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Profiling Bacterial 6mA Methylation Using Modern Sequencing Technologies

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Since bacteria lack histones and nucleosomes, they primarily use DNA methylation as their epigenetic gene regulation. There are three different types of DNA methylation in bacterial genomes: N4-methylcytosine (4mC), N6-methyladenine (6mA), and 5-methylcytosine (5mC). Generally, prokaryotes have higher 6mA levels but lower 5mC levels than plants and mammals. DNA is methylated when a methyl group from S-Adenosyl-L-Methionine (SAMe) is transferred by the methyltransferase (MTase) enzyme on target bases.

The distribution of 6mA in the whole genome varies between eukaryotes and prokaryotes. N6-methyladenine is lesser observed and lesser motif-driven in eukaryotes than prokaryotes. This reduced number of 6mA methylation in eukaryotes could be due to evasion of modified 6mA sites from cognate restriction enzymes practically hiding its presence at specific sequence motifs. Furthermore, unlike eukaryotes, prokaryotic DNA is not packaged in nucleosomes thus exposing a larger number of motifs to be methylated. Despite 6mA differences between eukaryotes and bacteria, the intrinsic properties and their effect on DNA conformation are observed to be consistent.

Some biological functions of 6mA methylation include alteration of DNA double helix formation through base stacking and base-pair stability; when 6mA occurs after a T, DNA is observed to be overwound and bent; discriminate self from foreign DNA in restriction-modification systems; distinguish the parental DNA strand from the daughter strand with detected mutations, and marks regions for DNA replication initiation and alters the rate of cell cycle progression.

Several methods have been created to detect 6mA levels. In determining the specific genomic locations of 6mA, MeDIP with microarray analysis (MeDIP-seq) was developed to detect near single-nucleotide 6mA resolution; however, it is antibody-dependent. Furthermore, single-molecule real-time sequencing (SMRT-seq) is also being used for loci detection. SMRT-seq is a third-generation sequencing technique that measures the kinetic rate of nucleotide incorporation during sequencing making the identification of every DNA modification at single-base resolution. When coupled with UHPLC-MS/MS, they can give an accurate confirmation of both the genomic location and presence of 6mA in an organism.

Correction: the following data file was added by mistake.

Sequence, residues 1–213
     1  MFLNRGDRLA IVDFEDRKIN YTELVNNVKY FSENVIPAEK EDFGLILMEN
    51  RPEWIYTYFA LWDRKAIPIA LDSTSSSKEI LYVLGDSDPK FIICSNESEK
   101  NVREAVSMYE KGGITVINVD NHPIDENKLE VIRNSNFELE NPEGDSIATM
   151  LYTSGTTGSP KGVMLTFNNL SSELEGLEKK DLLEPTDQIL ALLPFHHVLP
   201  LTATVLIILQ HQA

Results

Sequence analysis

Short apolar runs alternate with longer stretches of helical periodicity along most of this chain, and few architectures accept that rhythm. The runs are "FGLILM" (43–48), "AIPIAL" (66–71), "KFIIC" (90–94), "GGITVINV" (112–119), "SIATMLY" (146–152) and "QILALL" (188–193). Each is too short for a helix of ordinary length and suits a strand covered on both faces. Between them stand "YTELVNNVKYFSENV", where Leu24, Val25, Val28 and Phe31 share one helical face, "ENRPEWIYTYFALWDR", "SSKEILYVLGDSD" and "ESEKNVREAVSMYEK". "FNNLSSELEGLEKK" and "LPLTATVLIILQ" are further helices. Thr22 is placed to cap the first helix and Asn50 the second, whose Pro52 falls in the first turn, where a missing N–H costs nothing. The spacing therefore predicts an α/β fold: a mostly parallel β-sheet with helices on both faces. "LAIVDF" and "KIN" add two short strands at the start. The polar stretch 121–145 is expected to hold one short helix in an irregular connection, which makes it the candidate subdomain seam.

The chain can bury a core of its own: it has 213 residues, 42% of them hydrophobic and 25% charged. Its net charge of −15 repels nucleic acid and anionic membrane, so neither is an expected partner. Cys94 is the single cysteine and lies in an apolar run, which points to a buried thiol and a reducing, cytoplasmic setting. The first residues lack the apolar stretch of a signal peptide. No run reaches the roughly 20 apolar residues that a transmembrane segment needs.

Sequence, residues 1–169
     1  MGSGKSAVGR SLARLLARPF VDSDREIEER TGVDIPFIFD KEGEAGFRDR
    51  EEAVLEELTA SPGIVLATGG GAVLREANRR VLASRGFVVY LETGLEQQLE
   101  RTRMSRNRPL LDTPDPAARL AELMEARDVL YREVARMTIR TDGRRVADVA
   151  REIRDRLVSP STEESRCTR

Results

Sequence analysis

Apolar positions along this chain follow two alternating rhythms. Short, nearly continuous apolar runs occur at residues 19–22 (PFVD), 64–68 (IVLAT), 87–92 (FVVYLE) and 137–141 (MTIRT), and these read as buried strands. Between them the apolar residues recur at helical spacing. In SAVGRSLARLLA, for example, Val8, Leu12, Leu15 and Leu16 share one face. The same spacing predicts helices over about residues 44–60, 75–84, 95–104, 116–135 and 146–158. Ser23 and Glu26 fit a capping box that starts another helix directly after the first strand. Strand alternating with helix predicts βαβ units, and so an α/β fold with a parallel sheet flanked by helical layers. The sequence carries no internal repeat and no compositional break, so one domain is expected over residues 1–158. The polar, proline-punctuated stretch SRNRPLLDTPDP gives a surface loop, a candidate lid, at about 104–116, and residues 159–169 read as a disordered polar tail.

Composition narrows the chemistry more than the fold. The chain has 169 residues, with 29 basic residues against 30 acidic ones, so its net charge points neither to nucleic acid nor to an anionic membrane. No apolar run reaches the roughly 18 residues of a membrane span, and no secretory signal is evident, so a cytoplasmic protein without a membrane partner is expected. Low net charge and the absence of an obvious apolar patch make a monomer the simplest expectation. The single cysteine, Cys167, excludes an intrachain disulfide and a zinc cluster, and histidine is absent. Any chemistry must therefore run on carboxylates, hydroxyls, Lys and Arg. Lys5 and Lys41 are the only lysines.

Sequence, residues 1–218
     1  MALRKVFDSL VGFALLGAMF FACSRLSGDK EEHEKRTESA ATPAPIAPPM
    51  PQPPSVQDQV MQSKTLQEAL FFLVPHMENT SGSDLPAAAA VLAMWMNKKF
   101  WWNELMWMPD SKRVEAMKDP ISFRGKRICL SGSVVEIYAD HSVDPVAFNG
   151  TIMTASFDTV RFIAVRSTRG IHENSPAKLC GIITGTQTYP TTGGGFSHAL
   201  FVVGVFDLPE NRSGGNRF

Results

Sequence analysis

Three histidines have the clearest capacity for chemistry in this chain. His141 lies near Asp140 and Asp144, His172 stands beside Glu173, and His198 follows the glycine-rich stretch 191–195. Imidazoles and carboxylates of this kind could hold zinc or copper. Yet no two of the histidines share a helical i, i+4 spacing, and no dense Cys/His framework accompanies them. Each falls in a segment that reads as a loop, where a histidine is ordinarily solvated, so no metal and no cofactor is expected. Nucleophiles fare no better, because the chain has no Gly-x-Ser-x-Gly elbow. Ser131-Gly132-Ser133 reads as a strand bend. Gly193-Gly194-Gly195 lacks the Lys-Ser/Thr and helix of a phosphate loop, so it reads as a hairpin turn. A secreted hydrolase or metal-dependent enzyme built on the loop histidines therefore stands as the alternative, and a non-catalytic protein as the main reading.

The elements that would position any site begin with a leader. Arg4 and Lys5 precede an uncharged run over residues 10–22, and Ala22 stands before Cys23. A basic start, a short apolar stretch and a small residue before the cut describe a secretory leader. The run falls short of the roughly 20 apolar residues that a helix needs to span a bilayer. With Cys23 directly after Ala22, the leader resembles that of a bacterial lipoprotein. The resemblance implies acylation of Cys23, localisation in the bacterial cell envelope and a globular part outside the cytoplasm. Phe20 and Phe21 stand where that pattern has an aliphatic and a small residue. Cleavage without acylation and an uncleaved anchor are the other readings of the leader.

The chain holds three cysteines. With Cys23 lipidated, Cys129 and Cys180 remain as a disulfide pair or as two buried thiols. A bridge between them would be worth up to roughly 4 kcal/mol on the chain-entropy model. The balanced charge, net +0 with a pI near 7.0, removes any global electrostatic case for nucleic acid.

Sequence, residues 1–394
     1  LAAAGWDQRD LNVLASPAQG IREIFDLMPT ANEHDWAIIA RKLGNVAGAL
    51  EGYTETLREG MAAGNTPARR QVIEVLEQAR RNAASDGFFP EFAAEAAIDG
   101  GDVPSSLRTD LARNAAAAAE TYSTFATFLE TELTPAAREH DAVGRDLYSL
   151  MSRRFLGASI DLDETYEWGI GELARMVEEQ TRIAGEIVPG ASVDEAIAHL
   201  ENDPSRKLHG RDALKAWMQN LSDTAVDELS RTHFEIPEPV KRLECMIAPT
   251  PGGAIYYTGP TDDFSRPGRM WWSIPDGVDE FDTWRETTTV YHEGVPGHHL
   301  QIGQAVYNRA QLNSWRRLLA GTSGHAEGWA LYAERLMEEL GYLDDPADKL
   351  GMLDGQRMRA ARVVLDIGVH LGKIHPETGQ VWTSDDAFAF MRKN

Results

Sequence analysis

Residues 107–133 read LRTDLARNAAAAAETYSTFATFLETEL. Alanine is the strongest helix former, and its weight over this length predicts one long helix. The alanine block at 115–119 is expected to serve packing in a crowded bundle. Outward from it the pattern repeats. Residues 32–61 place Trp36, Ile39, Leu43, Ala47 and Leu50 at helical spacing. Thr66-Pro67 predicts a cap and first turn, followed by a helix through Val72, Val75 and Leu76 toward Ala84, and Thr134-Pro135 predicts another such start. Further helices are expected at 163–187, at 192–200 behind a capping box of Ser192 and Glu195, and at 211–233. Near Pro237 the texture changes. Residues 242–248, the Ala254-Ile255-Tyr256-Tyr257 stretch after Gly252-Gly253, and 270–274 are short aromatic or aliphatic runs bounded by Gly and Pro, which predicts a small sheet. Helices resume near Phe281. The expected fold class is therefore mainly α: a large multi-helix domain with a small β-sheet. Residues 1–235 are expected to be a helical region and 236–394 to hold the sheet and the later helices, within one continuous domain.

In the recent studies involving genome-wide mapping study of 6mA in bacteria, traditional methods such as RM digestion-based approaches were used. However, the majority of 6mA methylation studies have already adopted SMRT sequencing. Through the SMRT sequencing, the vast diversity of 6mA MTases and methylated motifs in bacteria were elucidated including the unknown MTases and previously uncharacterized RM systems. Upon functional knockout of certain 6mA MTases, most of the organisms exhibited widespread changes in transcriptional processes. On the other hand, other studies highlight that differently methylated 6mA positions influences by varying growth stages and environment. Bacteriophage invasion and host resistance have been also studied through SMRT sequencing. In a study, 936-type bacteriophages were shown to encode various 6mA MTases which renders the bacteriophages resistant with protective methylation against the host RM systems. For bacterial DNA methylation mapping, SMRT sequencing, and the Oxford Nanopore sequencing holds huge potential for methodological advancement.


  1. Beaulaurier J, Schadt EE, Fang G. Deciphering bacterial epigenomes using modern sequencing technologies. Nature Reviews Genetics. 2019, 20(3).
  2. O'Brown ZK, Greer EL. N6-methyladenine: a conserved and dynamic DNA mark. InDNA Methyltransferases-Role and Function, 2016 (pp. 213-246). Springer, Cham.
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